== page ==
The grass grew, the sun set, governments fell, empires crumbled, and John Isner and Kevin Anderson played tennis. Ace after ace, game after game, hour after hour. There were spectators on Centre Court who grew new beards, ballboys who walked off as grown men. Anderson won, but after six hours and 36 minutes, he wasn’t happy about it. The fifth set, which finished 26-24 in two hours and 55 minutes, was a cruel and unusual punishment, and Anderson made a desperate plea for the officials to please, please put the players out of their misery and start using fifth-set tie-breaks. After all, they shoot horses, don’t they?
Anderson, though, is going to have to do it all over again on Sunday. He seemed to be overcome with survivor’s guilt. “At the end I feel like it’s a draw between the two of us, but someone has to win,” he gasped, “John’s such a great guy.” They are old friends from the college circuit and the main thing Anderson seemed to be thinking in the aftermath was “why am I the lucky one?” He even apologised for not being more excited about winning. “But I’ve got so many mixed emotions. All I can say is congratulations to John on such a great tournament. Hopefully he can come back stronger.”
Isner seemed to spend a lot of the match having flashbacks to his three-day ordeal against Nicolas Mahut in 2010. That match lasted 11 hours and five minutes. Next to it this one, the second-longest in Wimbledon’s history, was a light workout. But Isner had the haunted look of a man who has just been called up for another tour, the Die Hard vibe of a guy who could not quite believe this shit was happening to him all over again. By the time it was over he was too exhausted to even reach for the ball.
It wasn’t clear who, exactly, benefitted from all this. Anderson was a broken man. He had already gone through one long fifth set against Roger Federeron Wednesday. He’s played 11 hours of tennis, and covered 8km of court, in three days. And now he has a single day to recover before he has to play in his very first Wimbledon final. That was the one consolation for Rafael Nadal and Novak Djokovic, who spent the afternoon waiting, wound up, racked with nervous tension, in the locker room. They must have been exhausted before they even made it onto court.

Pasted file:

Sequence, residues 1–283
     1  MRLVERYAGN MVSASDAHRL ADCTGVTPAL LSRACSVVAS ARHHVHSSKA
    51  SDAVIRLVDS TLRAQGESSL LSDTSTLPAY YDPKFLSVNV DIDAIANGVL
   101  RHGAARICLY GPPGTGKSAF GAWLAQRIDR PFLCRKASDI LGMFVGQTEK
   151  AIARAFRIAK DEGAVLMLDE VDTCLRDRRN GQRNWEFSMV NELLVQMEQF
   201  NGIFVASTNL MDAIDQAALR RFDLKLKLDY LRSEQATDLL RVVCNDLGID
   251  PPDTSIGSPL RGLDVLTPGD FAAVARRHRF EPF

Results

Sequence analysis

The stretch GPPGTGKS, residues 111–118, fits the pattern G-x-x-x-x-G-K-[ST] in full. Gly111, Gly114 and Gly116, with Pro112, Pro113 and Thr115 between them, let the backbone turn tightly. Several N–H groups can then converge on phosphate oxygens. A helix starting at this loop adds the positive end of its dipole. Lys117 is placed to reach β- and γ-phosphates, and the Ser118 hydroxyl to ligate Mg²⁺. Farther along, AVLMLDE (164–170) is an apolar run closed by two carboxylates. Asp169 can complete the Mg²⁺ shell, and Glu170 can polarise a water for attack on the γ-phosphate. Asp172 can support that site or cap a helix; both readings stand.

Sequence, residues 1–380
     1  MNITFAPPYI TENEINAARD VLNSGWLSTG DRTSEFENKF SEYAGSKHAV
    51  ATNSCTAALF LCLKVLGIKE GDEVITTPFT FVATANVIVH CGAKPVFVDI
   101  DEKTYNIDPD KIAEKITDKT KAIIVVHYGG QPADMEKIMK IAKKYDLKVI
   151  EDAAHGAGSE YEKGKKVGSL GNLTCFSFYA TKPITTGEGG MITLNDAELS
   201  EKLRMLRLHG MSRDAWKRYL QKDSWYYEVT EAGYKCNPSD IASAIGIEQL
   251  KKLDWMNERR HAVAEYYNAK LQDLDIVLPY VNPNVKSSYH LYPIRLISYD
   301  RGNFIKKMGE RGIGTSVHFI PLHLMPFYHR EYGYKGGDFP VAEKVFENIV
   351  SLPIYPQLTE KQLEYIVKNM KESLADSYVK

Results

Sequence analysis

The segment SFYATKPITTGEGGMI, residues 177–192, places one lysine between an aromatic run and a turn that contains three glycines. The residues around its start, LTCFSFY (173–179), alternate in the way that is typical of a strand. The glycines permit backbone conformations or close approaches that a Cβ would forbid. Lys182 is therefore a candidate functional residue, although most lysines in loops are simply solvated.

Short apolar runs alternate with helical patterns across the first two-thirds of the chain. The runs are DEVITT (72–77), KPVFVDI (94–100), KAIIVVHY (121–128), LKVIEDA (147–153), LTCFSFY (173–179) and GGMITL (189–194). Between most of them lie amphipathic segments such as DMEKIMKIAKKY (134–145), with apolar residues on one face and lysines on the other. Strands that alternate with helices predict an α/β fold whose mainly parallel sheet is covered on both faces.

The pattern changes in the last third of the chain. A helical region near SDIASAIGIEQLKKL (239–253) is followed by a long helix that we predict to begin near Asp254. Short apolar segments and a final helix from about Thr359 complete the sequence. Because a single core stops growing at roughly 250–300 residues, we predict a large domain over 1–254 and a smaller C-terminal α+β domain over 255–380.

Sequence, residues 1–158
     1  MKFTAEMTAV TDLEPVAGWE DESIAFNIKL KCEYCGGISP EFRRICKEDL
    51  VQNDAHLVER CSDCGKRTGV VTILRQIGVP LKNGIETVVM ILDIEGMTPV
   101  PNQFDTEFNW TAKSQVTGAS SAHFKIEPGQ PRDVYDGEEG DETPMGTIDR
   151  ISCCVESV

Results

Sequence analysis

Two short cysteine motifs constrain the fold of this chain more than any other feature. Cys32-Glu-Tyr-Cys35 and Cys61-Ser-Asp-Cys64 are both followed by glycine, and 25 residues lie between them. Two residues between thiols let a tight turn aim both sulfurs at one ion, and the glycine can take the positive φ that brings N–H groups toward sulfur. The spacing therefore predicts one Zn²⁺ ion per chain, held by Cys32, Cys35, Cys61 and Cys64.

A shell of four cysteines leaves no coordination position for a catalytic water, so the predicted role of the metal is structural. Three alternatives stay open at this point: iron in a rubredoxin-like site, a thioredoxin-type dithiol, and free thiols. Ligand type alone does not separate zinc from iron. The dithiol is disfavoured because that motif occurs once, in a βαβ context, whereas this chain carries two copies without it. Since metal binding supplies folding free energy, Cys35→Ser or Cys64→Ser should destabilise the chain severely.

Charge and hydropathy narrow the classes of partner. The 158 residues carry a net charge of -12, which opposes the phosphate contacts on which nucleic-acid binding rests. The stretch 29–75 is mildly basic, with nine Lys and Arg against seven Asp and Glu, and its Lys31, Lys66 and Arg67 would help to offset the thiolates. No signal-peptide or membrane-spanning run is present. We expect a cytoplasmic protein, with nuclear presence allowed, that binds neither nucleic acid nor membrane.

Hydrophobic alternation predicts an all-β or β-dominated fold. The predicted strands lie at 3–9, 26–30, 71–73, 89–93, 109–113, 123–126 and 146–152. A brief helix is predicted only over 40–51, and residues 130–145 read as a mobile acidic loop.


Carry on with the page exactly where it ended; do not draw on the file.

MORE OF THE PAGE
And theirs, of course, was the match everyone had come to see. Centre Court was half full for the first four sets because so many fans had decided to take a long lunch before they took their seats. Anderson v Isner was the appetiser that turned into a banquet no one wanted to eat, its fifth set the wafer-thin mint. There were shouts of “We don’t want this to be 70-68, John!”, “Get a shift on!” and “We want to see Rafa!”
Even Isner’s coach Justin Gimmelstob seemed to give up on it in the end. Gimmelstob spent the first four hours jack-in-the-boxing out of his seat, shouting and screaming in celebration of every hard-won point. Until deep in the fifth set, when he seemed to be in the throes of a savage comedown and sat patting his hands together, a thousand-yard stare on his face.
Anderson and Isner, these two great gangling men, were so closely matched that their stats at the end of it all were nearly identical. Anderson hit 49 aces, Isner 53; Anderson got 71% of his first serves in, Isner 75%; Anderson averaged 124mph on his first serve, Isner 125mph. And the first two times Anderson broke Isner, Isner broke him right back. The only way to split them in the end was to wait and who fell apart first. And Anderson was just that little bit tougher. There was one point, at 24-24 in the fifth, when he fell over, dropped his racket, got back to his feet and played his next shot left-handed.
For his own part Isner did make one brief experiment at changing his routine. He had had his hat on backwards for the entire match, but switched it around and immediately slipped to 15-40. So he flipped it back around again. Out of any better ideas he battered another couple of aces and closed out the set. “I can’t say enough I think the rule needs to change,” Isner said again at the end. “It’s not fun.” If anyone at All England Club, or the Grand Slam board, is listening to the players it might be the last time anyone has to go through this ever again.